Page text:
Keeping players healthy is top priority for Reds’ manager

Winning a championship is second priority for David Bell

There will be no handshakes or high fives during the 2020 baseball season. Players can’t even spit — saliva, sunflower seeds, tobacco, you name it. The Cincinnati Reds have to wear masks all the time, unless they’re practicing or playing, even in the clubhouse.

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That was the new world manager David Bell experienced this week upon his return to Great American Ball Park, where team workouts will begin Friday.

“With the well being and safety being the priority, there’s no way around the fact that we’re playing baseball also,” said Bell on a Zoom video call with reporters Thursday. “So there’s that balance we have to strike. No matter how great we are (at following the rules), there’s going to be risk, and everyone will understand that and does understand that, but we’re going to do everything we can to mitigate that.”

All of the 57 players invited to summer camp, which will be split between Cincinnati and Prasco Park in Mason, have to undergo COVID-19 tests before being allowed to practice.

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Two players in the organization tested positive, the Reds announced Thursday. The players were not named. According to the Reds, neither player lives in Cincinnati. They were tested outside Cincinnati. They are not in Cincinnati right now.

Keeping the players in Cincinnati healthy for the next three weeks and for the season that follows is Bell’s top priority.

“There’s nothing even close to that,” Bell said. “The second priority absolutely is winning. Winning our championship. The good thing is one leads to the other and will be a big contributing factor. Speaking with staff, front office, players throughout the organization, we have a really healthy balance in how we’re looking at all this. We’re not fearful. But we’re taking it very serious.”

While several players throughout Major League Baseball, including former Reds starter Mike Leake and Washington Nationals veteran Ryan Zimmerman, have opted out of playing this season because of concerns about the coronavirus pandemic, Bell said no Reds have taken that route.

“As of today, everyone that we expected to be here is here,” Bell said.

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Planning for the season has gone on for the last three months since spring training was suspended March 12. Bell said he’s been on multiple Zoom calls every day and feels the coaching staff is ahead of the game in terms of baseball decisions.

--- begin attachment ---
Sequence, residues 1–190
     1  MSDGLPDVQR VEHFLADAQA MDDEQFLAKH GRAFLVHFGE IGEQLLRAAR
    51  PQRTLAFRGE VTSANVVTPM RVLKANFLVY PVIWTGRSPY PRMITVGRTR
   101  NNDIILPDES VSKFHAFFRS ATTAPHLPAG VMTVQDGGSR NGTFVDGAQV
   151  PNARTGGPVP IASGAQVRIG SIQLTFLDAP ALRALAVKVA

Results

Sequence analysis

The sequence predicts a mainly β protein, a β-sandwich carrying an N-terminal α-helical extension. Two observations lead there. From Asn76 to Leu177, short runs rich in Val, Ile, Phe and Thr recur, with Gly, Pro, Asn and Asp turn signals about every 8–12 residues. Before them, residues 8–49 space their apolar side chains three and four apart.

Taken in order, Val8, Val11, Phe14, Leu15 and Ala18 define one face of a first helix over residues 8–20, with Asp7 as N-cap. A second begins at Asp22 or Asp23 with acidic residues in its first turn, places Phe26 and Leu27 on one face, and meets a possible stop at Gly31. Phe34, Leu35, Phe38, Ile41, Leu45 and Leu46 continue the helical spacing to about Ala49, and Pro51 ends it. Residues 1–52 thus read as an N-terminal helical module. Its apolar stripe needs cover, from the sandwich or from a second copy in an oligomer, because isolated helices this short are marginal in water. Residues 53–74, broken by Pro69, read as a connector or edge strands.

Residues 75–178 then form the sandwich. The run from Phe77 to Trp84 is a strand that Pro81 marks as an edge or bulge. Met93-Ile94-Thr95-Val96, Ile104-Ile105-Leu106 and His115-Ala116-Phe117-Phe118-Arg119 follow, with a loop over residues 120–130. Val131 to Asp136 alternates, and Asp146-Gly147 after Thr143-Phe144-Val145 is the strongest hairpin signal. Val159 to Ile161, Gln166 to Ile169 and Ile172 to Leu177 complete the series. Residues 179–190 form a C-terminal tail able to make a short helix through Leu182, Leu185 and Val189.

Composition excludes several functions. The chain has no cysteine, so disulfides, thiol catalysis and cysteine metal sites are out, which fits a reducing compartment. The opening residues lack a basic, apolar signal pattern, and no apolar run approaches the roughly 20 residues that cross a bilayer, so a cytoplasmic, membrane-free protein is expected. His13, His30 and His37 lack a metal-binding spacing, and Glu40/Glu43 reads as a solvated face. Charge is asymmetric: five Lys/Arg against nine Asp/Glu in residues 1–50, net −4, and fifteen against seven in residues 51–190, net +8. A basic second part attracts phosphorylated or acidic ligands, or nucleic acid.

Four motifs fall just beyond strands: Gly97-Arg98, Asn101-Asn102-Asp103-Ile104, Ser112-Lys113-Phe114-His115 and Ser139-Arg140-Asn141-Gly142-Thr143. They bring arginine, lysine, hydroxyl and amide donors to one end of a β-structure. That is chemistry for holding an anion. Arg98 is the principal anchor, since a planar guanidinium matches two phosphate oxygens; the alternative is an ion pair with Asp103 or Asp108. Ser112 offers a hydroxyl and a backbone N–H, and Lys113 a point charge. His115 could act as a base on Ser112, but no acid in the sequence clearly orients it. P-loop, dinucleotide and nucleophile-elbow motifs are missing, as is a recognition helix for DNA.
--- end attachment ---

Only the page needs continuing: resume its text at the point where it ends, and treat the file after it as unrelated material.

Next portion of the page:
Thirty five players — most of the veterans and returning starters — will train at Great American Ball Park. Twenty two will train in Mason. Bell expects players in Mason to make the 30-man Opening Day roster.

Bell said he will spend time at both locations. He needs to see players, he said, and be around them.

“I really believe we won the quarantine, as far as being prepared,” Bell said. “I know it doesn’t count for any wins in the win column, but I’m very proud of how we we handled it and the preparation of the players and the communication throughout and the respect for what people were going through. Tomorrow will be a big day. Just having everyone in in one place.”

The day will begin with a team-wide Zoom call. Bell said they will run through the health and safety protocols and watch an educational video provided by Major League Baseball. Bell wants to make sure everyone’s on the same page before they walk in the door.

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“Once we get here, it will look somewhat normal,” Bell said. “We’re going to have to keep guys staggered as far as the work a little bit. We have enough room to move different groups around so that we can keep everyone moving, but also keep the group’s small. We’ll see. It ‘s 35 guys with one field. But we’re going to try to use the whole building, too, and there’s quite a bit of space here at Great American Ball Park.”

The Reds will start slow and ramp up the intensity in the second week. It will be hard to stay patient, Bell said, but the goal by the final week of camp will be for everyone to be playing at 100 percent intensity and competing in scrimmages. In a 60-game season, the Reds won’t be able to afford a slow start. They started 1-8 last season, Bell’s first as manager.

“Every game, to me, you approach like it’s the most important game you’ve ever played,” Bell said. “You get as close to that as you possibly can with your approach — like every game’s the World Series. It’s easier in a shorter season to actually accomplish that, but this is what it’s all about. Every single game you play it like it’s everything. Then you quickly move on when the game is over, and you try to do the same thing the next day.”

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